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AU - Abrams, Darryl

AU - Figueiredo, Paulo

AU - Santos, Lurdes

AU - Sarmento, António

AU - Paiva, José Artur

AU - Bacchetta, Matthew

AU - Wilgus, May Lin

AU - Roncon-Albuquerque, Roberto

AU - Brodie, Daniel

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N2 - Background: Severe malaria may be complicated by the acute respiratory distress syndrome (ARDS), which is associated with a high mortality. In the present report, a series of three cases of imported malaria complicated by refractory severe ARDS supported with extracorporeal membrane oxygenation (ECMO) is presented. Methods. One female and two male adult patients (ages 39 to 53) were included. Two patients had Plasmodium falciparum infection and one patient had Plasmodium vivax and Plasmodium ovale co-infection. Anti-malarial therapy consisted in intravenous quinine (in two patients) and intravenous quinidine (in one patient), plus clindamycin or doxycycline. Results: Despite lung protective ventilation, a conservative strategy of fluid management, corticosteroids (two patients), prone position (two patients) and inhaled nitric oxide (one patient), refractory severe ARDS supervened (PaO§ssub§2§esub§ to FiO§ssub§2§esub§ ratio 68) and venovenous ECMO was then initiated. In one patient, a bicaval dual-lumen cannula was inserted; in the two other patients, a two-site configuration was used. Two patients survived to hospital-discharge (duration of ECMO support: 8.5 days) and one patient died from nosocomial sepsis and multi-organ failure after 40 days of ECMO support. Conclusions: ECMO support allowed adequate oxygenation and correction of hypercapnia under lung protective ventilation, therefore reducing ventilator-induced lung injury. ECMO referral should be considered early in malaria complicated by severe ARDS refractory to conventional treatment.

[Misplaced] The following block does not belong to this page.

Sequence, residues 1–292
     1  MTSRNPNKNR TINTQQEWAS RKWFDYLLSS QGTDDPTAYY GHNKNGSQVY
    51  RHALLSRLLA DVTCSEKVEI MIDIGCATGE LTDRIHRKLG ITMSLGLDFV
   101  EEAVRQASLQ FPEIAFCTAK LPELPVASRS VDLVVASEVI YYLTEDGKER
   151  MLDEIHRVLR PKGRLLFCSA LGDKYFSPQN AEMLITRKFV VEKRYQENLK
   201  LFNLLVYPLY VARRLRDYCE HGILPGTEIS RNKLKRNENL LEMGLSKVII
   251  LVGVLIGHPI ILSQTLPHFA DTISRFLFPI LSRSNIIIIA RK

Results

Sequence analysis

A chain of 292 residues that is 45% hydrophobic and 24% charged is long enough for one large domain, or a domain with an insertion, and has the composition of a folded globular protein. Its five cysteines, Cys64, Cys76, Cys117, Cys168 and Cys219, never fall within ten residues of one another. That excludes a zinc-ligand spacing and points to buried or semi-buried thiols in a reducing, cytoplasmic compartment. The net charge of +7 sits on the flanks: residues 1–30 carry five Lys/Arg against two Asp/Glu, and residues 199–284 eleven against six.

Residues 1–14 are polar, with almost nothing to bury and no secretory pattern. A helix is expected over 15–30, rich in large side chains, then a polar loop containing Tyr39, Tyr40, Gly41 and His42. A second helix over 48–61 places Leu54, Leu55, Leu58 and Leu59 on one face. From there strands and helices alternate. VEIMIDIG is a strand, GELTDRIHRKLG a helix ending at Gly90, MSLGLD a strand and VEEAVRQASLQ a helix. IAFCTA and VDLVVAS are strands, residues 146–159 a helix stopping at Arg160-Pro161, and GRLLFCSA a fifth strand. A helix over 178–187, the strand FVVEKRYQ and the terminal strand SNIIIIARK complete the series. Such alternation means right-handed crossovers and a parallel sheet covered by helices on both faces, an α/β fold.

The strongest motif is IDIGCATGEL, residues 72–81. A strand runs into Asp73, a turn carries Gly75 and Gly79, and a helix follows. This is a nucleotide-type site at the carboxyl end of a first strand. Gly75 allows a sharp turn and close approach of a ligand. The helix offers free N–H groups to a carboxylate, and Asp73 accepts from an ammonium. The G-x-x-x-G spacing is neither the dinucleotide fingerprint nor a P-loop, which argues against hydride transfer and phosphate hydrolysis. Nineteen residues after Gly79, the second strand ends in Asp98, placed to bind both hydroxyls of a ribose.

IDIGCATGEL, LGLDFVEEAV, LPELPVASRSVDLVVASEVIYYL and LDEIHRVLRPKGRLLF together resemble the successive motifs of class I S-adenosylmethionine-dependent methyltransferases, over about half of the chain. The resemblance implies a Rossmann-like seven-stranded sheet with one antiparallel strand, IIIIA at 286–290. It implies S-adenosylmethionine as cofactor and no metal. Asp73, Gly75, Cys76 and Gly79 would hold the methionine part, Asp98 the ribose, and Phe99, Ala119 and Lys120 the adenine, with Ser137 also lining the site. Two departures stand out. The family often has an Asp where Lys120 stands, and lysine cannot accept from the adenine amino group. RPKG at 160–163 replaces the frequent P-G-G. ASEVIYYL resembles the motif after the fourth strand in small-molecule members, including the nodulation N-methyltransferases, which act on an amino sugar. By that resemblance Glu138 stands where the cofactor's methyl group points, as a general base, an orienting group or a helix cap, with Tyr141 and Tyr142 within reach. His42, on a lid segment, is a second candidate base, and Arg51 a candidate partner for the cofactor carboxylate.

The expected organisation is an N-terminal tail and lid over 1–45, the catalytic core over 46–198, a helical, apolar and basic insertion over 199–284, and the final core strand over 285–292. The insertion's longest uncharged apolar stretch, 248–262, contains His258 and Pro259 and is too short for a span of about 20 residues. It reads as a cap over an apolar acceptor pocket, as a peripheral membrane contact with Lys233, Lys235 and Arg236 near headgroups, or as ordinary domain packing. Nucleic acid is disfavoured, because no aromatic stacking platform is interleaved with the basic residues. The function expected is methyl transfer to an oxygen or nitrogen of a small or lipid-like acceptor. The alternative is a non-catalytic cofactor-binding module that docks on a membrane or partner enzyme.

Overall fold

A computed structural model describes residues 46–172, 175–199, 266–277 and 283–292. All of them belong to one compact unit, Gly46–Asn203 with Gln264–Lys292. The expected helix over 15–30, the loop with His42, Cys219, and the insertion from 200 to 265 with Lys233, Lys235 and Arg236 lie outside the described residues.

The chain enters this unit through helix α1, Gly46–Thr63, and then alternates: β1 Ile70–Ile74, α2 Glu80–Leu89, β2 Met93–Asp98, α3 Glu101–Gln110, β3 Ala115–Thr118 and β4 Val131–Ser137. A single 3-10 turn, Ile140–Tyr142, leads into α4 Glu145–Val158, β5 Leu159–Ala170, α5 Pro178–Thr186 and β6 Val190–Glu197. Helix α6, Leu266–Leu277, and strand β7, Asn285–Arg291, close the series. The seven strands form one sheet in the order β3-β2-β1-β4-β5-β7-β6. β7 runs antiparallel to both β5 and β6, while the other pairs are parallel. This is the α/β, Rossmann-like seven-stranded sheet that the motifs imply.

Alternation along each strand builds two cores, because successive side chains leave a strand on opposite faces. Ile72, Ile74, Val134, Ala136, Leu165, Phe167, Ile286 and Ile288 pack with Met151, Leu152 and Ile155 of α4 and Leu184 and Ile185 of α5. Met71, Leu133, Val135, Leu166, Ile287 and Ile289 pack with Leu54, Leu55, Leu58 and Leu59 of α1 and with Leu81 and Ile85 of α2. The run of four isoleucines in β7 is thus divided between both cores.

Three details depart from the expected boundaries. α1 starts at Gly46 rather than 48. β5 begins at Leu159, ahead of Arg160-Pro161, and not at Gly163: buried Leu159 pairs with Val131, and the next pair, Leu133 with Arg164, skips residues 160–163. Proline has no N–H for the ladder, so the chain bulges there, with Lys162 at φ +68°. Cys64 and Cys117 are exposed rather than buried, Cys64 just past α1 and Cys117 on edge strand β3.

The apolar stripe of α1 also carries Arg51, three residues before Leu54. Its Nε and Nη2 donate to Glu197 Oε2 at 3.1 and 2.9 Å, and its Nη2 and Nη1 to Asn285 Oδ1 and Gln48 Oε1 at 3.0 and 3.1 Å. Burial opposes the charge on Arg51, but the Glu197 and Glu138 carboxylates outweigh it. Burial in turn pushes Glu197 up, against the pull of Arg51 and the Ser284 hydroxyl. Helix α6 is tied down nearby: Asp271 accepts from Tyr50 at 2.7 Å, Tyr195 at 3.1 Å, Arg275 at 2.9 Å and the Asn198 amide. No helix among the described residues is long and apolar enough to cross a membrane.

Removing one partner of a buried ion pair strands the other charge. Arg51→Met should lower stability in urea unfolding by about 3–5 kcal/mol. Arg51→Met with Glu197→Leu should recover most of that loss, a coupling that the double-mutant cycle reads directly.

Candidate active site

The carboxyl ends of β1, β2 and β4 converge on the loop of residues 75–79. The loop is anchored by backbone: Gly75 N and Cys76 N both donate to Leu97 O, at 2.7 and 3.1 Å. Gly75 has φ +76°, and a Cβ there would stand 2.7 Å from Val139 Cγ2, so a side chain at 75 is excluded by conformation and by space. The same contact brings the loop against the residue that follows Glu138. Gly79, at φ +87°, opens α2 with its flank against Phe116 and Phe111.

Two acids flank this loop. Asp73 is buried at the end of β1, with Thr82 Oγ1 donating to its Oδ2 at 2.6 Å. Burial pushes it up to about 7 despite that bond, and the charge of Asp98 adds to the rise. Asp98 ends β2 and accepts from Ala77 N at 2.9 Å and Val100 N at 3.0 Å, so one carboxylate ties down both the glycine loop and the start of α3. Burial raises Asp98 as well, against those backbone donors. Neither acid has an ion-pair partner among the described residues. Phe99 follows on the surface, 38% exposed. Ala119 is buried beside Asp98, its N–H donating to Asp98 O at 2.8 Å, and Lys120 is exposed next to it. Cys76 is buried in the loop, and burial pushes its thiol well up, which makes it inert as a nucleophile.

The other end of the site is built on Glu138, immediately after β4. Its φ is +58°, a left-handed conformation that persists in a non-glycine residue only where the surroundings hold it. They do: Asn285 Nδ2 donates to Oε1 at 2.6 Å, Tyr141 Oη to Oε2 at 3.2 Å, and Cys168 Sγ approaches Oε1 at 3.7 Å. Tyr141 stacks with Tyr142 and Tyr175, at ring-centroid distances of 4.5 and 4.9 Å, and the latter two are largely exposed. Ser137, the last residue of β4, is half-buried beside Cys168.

AB - Background: Severe malaria may be complicated by the acute respiratory distress syndrome (ARDS), which is associated with a high mortality. In the present report, a series of three cases of imported malaria complicated by refractory severe ARDS supported with extracorporeal membrane oxygenation (ECMO) is presented. Methods. One female and two male adult patients (ages 39 to 53) were included. Two patients had Plasmodium falciparum infection and one patient had Plasmodium vivax and Plasmodium ovale co-infection. Anti-malarial therapy consisted in intravenous quinine (in two patients) and intravenous quinidine (in one patient), plus clindamycin or doxycycline. Results: Despite lung protective ventilation, a conservative strategy of fluid management, corticosteroids (two patients), prone position (two patients) and inhaled nitric oxide (one patient), refractory severe ARDS supervened (PaO§ssub§2§esub§ to FiO§ssub§2§esub§ ratio 68) and venovenous ECMO was then initiated. In one patient, a bicaval dual-lumen cannula was inserted; in the two other patients, a two-site configuration was used. Two patients survived to hospital-discharge (duration of ECMO support: 8.5 days) and one patient died from nosocomial sepsis and multi-organ failure after 40 days of ECMO support. Conclusions: ECMO support allowed adequate oxygenation and correction of hypercapnia under lung protective ventilation, therefore reducing ventilator-induced lung injury. ECMO referral should be considered early in malaria complicated by severe ARDS refractory to conventional treatment.

KW - Acute respiratory distress syndrome

KW - Extracorporeal membrane oxygenation

KW - Malaria

KW - Plasmodium falciparum